In 1882, Pauline was the first to follow the path of the cloister. This was not a surprise for Louis who was waiting for it. She entered the Carmel of Lisieux. When Marie joined her there on October 15th, 1886, it was hard on Louis. She was his “first”, as he called her, the mistress of the house, she who he put in charge of leading his flock during his trips. The same year, Léonie on a sudden impulse entered the Clares during a trip to Alençon. Louis supported his daughter even if the suddenness surprised him. The convent’s austere rule did not suit her fragile health and she only stayed several months. Louis went to get her without criticizing her for anything.

     On the day of Pentecost 1887, Thérèse, age 14, announced as well her desire to enter Carmel. She was very young and Louis began by reminding her she had time but Thérèse convinced him. And from then on he would be her unfailing support. Léonie was then at the Visitation from which she left after several months because of her health. She made a third try in 1893 which ended again in failure. As for Céline, although attracted to religious life, decided to stay with her father. It was only after the death of Louis that she entered Carmel.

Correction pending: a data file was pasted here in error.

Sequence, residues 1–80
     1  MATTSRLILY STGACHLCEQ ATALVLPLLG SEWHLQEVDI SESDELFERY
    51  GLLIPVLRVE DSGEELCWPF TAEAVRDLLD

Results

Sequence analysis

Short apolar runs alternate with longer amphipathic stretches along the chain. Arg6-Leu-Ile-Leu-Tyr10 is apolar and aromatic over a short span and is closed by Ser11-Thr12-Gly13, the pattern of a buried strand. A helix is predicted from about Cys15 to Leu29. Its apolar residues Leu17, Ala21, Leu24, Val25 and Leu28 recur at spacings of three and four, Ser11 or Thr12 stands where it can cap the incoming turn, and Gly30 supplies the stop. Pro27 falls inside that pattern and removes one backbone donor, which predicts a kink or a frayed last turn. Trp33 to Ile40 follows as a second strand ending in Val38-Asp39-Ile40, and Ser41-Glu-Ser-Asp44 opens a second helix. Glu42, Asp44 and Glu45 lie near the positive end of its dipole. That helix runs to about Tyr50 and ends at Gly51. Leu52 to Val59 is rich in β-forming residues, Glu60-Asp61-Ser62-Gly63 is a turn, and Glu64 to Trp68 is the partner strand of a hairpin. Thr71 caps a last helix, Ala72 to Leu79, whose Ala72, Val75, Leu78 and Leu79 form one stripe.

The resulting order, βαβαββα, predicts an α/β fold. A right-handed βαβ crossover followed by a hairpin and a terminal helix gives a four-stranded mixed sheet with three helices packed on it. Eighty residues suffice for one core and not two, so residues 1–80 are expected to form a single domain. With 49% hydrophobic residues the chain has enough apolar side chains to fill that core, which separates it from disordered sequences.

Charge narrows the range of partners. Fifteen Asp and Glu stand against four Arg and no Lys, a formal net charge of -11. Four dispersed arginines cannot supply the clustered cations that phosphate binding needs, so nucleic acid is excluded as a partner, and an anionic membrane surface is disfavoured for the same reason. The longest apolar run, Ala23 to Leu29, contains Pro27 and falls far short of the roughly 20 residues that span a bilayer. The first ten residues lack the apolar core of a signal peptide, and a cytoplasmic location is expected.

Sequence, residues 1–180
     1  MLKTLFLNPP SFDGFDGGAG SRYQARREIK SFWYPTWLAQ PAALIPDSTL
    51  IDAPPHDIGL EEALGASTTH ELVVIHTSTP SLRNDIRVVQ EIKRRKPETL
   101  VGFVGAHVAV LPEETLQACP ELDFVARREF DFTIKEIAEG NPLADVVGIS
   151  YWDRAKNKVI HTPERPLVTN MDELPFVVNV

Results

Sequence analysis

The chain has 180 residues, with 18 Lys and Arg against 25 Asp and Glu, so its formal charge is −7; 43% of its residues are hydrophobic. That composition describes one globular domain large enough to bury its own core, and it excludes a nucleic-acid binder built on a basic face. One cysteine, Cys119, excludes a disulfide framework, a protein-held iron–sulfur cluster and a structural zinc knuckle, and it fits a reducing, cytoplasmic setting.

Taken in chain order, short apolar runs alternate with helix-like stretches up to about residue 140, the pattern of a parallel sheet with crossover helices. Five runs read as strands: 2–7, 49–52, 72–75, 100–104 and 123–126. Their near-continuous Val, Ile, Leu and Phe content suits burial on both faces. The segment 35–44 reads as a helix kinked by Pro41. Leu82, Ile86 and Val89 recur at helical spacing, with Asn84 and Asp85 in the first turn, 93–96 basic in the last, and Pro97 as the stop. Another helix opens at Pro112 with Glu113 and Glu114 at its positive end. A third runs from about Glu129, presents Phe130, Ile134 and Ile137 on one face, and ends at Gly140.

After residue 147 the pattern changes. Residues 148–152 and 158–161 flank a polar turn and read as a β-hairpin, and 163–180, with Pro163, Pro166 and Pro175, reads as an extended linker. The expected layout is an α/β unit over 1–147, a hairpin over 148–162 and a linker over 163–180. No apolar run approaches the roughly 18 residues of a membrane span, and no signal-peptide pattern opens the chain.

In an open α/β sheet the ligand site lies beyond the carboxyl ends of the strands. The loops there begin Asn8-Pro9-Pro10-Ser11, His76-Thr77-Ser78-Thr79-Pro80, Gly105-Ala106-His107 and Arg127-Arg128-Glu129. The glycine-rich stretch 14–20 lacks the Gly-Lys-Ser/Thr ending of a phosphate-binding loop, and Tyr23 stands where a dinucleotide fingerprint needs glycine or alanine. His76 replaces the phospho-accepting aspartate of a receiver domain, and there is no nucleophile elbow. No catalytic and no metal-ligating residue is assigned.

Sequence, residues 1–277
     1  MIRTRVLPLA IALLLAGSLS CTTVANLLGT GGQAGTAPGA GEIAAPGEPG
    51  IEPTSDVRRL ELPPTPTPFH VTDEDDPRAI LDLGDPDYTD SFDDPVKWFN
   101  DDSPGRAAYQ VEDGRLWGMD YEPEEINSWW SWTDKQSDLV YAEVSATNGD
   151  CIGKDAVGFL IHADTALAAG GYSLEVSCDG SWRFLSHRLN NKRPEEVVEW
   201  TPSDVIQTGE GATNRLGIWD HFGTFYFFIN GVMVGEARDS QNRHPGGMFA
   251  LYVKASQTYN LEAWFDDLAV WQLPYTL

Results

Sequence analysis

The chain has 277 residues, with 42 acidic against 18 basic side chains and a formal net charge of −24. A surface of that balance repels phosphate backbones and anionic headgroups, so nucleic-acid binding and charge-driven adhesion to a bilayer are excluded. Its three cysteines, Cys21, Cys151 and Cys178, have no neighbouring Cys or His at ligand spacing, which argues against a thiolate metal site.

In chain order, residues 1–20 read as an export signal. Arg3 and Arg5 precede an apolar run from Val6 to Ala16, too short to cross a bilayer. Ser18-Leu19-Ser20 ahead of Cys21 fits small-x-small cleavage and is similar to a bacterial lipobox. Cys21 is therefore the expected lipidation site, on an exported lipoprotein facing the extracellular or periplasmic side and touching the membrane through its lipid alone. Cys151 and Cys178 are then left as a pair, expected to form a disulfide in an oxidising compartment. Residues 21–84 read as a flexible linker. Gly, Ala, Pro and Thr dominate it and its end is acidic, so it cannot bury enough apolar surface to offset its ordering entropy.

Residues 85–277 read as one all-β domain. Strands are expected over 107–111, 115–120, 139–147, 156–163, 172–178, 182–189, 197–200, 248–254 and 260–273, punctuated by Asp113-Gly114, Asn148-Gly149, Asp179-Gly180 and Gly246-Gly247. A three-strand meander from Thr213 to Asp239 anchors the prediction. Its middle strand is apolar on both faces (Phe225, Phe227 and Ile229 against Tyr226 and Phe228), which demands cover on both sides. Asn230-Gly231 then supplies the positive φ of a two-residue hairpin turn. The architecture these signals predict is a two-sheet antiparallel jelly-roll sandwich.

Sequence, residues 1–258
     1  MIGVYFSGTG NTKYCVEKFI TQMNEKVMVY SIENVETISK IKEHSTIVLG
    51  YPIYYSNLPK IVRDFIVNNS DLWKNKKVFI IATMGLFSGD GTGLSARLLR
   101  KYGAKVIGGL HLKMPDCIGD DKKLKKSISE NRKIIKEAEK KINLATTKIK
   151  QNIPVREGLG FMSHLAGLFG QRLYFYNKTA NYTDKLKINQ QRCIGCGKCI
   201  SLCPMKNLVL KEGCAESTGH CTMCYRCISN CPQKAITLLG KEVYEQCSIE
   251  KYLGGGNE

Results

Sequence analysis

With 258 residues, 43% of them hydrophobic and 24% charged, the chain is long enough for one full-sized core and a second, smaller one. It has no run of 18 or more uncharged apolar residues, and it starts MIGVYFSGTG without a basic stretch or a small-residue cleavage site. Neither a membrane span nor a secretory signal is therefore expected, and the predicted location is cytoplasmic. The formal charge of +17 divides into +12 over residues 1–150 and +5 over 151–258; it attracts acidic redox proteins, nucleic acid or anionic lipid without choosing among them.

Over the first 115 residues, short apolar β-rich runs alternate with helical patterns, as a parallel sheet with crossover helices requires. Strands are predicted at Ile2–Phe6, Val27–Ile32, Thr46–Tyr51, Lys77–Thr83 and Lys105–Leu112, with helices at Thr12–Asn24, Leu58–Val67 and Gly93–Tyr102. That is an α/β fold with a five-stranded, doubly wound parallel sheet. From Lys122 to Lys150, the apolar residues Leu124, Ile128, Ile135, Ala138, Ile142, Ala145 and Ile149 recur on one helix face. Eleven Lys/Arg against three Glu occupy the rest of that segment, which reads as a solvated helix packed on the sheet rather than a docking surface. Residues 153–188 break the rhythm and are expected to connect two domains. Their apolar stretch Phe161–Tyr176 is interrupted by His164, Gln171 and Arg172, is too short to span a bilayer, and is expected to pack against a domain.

Louis's illness

     In the spring of 1887, Louis’s health had its first serious scare: a paralytic attack of a leg. A year later, worrisome symptoms appeared: memory loss, absent-mindedness, oversight. He who was always impeccably dressed appeared sometimes in unkempt clothing.

     In June 1888, he left without warning and disappeared for several days; they found him at the Havre. Circulatory strokes which caused cries, tears and insane speech, alternated with periods of remission where Monsieur Martin made plans. Today doctors agree that Louis suffered from cerebral arteriosclerosis with uremia. 

     February 12th, 1889: Louis felt threatened and wanted to defend his daughters against imaginary assailants. To do this he armed himself with his revolver. This serious attack led to his confinement in the Bon Sauveur de Caen, a hospital specializing in the mentally ill; “insane asylum” as it was then called.